# Attempt at fairly simple circuit

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#### ScuzZ

##### New Member
I'm attempting to build a circuit that will result give me a result of, [email protected] - 10amps(regulated).

I'm thinking AC step down transformer (10:1 or 20:1), bridge rectifier, current regulator then voltage regulator.

I'm wondering:

1. The maximum amps I can pull from the grid is 10amps, by using a step down transformer from 240volts to say 18 or 20 volts, do I also get the same increase in amperage? Say 20:1 transformer, will I end up with like 200amps?

More questions to come...

##### Banned
Only if your transformer can handle it.

Use an ATX power supply, nothing to build, it's all right there.

#### ScuzZ

##### New Member
I would use a power supply, but I've been so out of practise that I feel I need to build something to get my eye/brain back in.

So you're saying that if I use a 20:1 transformer and pull 10amps from the grid, I'll get 200amps on the 'down' side?

#### birdman0_o

##### Active Member
Yes, when voltage decreases over a transformer amperage increases, and vice versa.

##### Banned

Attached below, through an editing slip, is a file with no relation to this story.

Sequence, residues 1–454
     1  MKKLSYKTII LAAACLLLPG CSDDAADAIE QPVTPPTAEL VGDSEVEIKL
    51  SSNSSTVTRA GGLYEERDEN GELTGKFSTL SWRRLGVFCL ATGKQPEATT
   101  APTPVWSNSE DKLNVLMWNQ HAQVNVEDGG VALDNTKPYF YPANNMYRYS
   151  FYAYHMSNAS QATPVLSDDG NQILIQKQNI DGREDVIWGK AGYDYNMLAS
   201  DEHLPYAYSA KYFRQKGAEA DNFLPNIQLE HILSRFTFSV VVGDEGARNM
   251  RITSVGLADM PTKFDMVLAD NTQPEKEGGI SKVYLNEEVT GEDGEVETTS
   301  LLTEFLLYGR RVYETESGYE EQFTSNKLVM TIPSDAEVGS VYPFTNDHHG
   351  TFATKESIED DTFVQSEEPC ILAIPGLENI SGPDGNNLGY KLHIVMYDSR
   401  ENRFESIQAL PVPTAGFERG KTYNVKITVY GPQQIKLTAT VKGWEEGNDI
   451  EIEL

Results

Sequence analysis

No that is dead wrong, it should be that way but the wire thickness and actual magnetics going on will limit the current draw WELL bellow the 20:1 turns ratio, of 10 amps to 200 amps. It depends WHOLLY on the transformer being used.

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#### ScuzZ

##### New Member
So I understand that I'm going to get an increase in amperage, maybe in a perfect world you'd get the 20:1 increase, but still.

Another question:

1. I'm thinking about using LM338T as the current and voltage regulator as these are relatively inexpensive and very easy to come by.

There are stated as being 5 amps.

Is there a way of using these to produce 10amps or will I have to find another regulator?

#### dougy83

##### Well-Known Member
You can buffer the current with one or more pass transistor(s). The details for such a circuit may be found in e.g. 7805 regulator datasheet.

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